Joan Cardwell Martin, one of Jemicy School’s original faculty, dies – Baltimore Sun

Joan Cardwell Martin, one of the original faculty members of the Jemicy School and an avid reader, died April 16 after surgery for a broken hip at Sinai Hospital. She was 88 and lived at Broadmead Retirement Community in Cockeysville.

Born in Louisville, Kentucky, she was the daughter of Marion Cardwell, who worked in investments for the Hilliard Lyon firm, and Elizabeth Burns, a homemaker and sewing teacher. Ms Martin was a graduate of Kentucky Home School for Girls and graduated from Bradford Junior College in Massachusetts.

She met her future husband, Charles S. Garland Jr., at a party in Louisville while he was attending a training program for Merrill Lynch.

They moved to Baltimore after marrying in 1954.

“He was a modest, low-key person,” said his daughter Elizabeth Garland Wilmerding.

She has volunteered for many organizations, including the Johns Hopkins Hospital Women’s Council and the Walters Art Museum Women’s Committee.

“In the 1970s, as women left their homes and went to work, my mother decided she wanted to help children with learning difficulties and dyslexia,” her daughter Elizabeth said. “It was a big deal for her to get the job. She was proud to be in the workforce and helping children.

She became a tutor at Jemicy School. She trained with Alice Koontz and found the experience difficult. She studied the Orton-Gillingham method to help students learn to read.

“She was a wonderful tutor,” said Mark Westervelt, Jemicy’s assistant manager. “She got involved with our students in the early days of Jemicy. She was bright and had a cheerful disposition. She brought her skills and added to our faculty. I remember her evenings at her house. She was an excellent and gracious host.”

In addition to her role at Jemicy, she often entertained at her home.

“My mother was a warm and welcoming host,” her daughter Elizabeth said. “She was involved in the philanthropic organizations that she and my father supported.”

In 1993, after the death of her first husband, she married Joseph Ramsey Martin Jr. They lived in Charlottesville, Virginia.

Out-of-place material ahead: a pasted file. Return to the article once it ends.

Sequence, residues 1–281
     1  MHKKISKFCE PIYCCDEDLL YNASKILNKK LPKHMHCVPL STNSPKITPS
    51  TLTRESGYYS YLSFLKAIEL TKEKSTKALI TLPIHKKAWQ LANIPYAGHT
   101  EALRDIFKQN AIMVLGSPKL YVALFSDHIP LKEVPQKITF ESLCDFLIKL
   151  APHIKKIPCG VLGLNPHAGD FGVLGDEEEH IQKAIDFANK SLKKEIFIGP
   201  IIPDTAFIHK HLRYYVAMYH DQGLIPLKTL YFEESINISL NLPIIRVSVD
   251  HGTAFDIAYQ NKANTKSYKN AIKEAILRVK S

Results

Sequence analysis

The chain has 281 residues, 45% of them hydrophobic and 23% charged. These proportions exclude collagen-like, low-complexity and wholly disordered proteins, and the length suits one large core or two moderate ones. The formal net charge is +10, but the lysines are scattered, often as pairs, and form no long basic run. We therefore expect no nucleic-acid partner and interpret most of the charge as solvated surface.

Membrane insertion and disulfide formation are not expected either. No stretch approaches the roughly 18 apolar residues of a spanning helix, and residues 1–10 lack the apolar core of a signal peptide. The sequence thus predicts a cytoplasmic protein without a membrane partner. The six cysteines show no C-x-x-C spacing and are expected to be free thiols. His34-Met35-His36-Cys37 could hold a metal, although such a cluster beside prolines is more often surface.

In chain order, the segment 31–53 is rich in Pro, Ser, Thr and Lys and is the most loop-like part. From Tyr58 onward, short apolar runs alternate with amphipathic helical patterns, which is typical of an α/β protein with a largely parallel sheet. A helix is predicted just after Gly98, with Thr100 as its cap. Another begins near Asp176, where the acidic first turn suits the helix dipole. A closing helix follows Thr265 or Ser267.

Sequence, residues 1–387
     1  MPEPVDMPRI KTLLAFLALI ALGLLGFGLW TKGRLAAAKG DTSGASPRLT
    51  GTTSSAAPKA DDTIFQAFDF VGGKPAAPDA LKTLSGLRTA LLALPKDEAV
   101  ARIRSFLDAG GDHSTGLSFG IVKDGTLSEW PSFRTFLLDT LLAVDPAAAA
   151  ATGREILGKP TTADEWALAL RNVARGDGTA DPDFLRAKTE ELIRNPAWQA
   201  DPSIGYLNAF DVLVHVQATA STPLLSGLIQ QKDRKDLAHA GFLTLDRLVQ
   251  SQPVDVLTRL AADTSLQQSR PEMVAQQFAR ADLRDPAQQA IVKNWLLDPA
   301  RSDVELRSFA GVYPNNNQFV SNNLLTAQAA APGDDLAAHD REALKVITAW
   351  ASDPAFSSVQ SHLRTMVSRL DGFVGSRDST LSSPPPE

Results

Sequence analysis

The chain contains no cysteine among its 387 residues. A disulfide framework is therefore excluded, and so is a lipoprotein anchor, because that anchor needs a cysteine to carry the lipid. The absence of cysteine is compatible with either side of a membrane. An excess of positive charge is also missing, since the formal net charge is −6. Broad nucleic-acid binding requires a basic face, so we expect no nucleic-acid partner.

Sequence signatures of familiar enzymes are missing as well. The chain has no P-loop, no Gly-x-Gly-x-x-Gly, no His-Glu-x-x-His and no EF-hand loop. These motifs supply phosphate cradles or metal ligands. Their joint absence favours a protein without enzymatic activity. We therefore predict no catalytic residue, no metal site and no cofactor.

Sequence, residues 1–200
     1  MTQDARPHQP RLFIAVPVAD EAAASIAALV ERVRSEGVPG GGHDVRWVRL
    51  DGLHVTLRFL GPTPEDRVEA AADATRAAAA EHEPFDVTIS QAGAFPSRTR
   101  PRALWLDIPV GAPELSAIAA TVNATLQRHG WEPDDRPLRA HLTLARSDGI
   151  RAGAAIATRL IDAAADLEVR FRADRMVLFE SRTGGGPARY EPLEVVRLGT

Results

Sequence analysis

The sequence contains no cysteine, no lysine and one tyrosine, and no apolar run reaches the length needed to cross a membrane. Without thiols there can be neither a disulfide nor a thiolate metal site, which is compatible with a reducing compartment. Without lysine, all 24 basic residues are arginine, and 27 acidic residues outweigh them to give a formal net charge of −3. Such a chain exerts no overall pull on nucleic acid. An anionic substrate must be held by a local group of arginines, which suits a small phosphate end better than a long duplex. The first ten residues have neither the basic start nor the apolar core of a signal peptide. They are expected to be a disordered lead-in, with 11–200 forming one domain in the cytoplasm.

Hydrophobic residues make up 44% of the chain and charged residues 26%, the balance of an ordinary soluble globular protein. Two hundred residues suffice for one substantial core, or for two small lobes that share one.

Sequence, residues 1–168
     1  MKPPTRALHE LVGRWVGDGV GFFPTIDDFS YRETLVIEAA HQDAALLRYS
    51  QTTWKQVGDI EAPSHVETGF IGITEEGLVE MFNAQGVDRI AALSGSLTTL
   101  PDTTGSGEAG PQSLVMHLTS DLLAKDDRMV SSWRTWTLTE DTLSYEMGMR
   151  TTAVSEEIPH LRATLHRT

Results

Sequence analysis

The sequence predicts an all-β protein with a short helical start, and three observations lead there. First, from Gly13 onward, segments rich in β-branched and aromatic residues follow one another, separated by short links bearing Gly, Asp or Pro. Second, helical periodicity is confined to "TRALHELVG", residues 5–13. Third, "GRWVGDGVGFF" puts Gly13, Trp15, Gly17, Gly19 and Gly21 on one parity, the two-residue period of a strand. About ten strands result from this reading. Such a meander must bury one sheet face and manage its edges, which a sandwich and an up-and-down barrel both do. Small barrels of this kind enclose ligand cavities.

She spent part of her days reading and loved the works of Willa Cather, Wallace Stegner, Edith Wharton and F. Scott Fitzgerald.

“When my mother went to her book club, which she did religiously, she was prepared. She was diligent and took notes,” her daughter Margaret Garland Whitman said. “Beautiful words stayed with her. She read carefully and often quoted literature and poetry.

Her grandchildren observed that there was never a book they mentioned that Nana had not read.

Ms. Martin was also an excellent bridge player. She tended a garden at home and played golf. She also enjoyed educational trips.

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“She did a lot of research before leaving. She read about the places she was going. She learned about history, architecture and geography, and kept detailed, hour-by-hour travel journals,” her daughter Elizabeth said. “After she got home, she made albums about her travels.”

Ms. Martin spent time at both the Ausable Club in the Adirondacks and Yeamans Hall Club outside of Charleston, South Carolina.

“She loved these places for their people and their beauty,” said her daughter Margaret.

After moving to Charlottesville, Ms. Martin served on the University of Virginia Cancer Council and the Charlottesville Symphony Society. She was a member of the local Planned Parenthood Auxiliary Council.

Survivors include his two daughters, Margaret Garland Whitman and Elizabeth Garland Wilmerding, both of Baltimore; one son, Charles S. Garland III of Rye, New York; two stepchildren, Joseph Ramsey Martin III of Baltimore and Mary Case Martin of Nashville, Tennessee; eight grandchildren; and two great-granddaughters. Her first husband, Charles Garland Jr., died in 1990. Her second husband, Joseph Ramsey Martin Jr., died in 2020.

A memorial service will be held at 4 p.m. Sept. 13 at the Episcopal Church of the Redeemer, 5603 N. Charles St., of which she was a member.

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